– Prioritise the health of their children. Parents are more inclined to seek healthcare information when their children are ill. However, Sierra Leoneans are less likely to seek information for illnesses perceived as non-urgent.

– Preference for traditional healers for some illnesses. When illnesses are believed to have a spiritual source, people initially seek help from traditional healers…

– Costs of healthcare…

– Distance to the trusted healthcare provider. With only 900 qualified health professional in the country since the Ebola crisis, formal healthcare services are not available in every community…

Nonetheless, there are opportunities to encourage Sierra Leoneans to seek and engage more with health information:

– Face-to-face communication is most trusted. People prefer face-to-face communication, which gives them time to ask questions and allows communicators to reassure themselves that information has not been misunderstood.

– Community health workers (CHWs) have the potential to reach people with face-to-face information.

– Mobile phones are used by the majority of the population… only 25% of Sierra Leoneans indicated that they would pay for health information delivered via mobile phones.

Communicators of health information such as international or national non-governmental organisations (INGOs or NGOs), health practitioners and the Sierra Leonean government can draw on these insights to guide their future interventions in the following ways:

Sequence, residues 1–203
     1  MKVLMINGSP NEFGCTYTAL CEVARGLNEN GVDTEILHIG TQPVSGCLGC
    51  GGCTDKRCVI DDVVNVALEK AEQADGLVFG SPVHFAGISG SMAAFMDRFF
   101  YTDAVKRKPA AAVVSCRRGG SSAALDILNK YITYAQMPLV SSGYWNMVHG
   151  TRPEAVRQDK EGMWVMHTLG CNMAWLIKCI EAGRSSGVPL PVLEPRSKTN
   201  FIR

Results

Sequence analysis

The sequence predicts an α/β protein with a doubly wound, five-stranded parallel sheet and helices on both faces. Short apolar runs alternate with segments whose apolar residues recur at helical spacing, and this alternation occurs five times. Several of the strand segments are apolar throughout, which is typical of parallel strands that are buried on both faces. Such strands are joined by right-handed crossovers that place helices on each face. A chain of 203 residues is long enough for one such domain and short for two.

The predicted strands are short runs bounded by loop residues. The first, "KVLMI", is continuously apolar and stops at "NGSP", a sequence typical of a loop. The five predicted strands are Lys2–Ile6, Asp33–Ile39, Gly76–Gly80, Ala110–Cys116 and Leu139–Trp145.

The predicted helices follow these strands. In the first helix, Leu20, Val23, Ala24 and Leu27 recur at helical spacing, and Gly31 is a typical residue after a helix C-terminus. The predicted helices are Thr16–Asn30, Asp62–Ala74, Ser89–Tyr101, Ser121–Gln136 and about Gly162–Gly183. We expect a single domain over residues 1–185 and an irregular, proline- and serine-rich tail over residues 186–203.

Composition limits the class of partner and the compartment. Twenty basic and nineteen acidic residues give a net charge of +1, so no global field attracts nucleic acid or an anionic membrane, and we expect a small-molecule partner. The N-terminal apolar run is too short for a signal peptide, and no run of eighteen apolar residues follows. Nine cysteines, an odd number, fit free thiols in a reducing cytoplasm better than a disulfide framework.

– CHWs are well placed to provide face-to-face communication. This study and other research5 show that Sierra Leoneans prefer face-to-face and interpersonal communication, but CHWs often rely on simple one-way models of communication. They could profit from support through training and tools. Such efforts should first help CHWs to fashion their communication in a way that encourages greater dialogue and exchange. Second, the training could address the demand for more in-depth information. Training and tools for CHWs should build confidence in providing information with greater depth and breadth.

– High levels of trust for nurses and doctors could be built on to maximise the credibility of health communication…

– Radio and mobile phones, the two media with the highest access and ownership figures across Sierra Leone, appear best positioned to provide health information. Other research suggests that if mobility is compromised, as it was during the Ebola crisis, people prefer to receive information by radio.

– When using mobile phones, information that can be delivered via basic phones and is voice-based, not requiring reading skills, is more likely to reach across different strata of Sierra Leonean society.

– Although two-way communication might be easier to achieve when face-to-face, mass media in Sierra Leone should build on experiences of communication during the Ebola crisis, which illustrated that bottom-up communication facilitates positive behaviour change.

Communication efforts should equip communities with actionable information. The findings from this study suggest that communities are more likely to implement health information if it is easy, cheap and quick to implement. This is especially important in the context of preventative care, within which community members show less proactive behaviours. Providing actionable information could help communities to overcome barriers to engage and act upon health knowledge.

Best wishes, Neil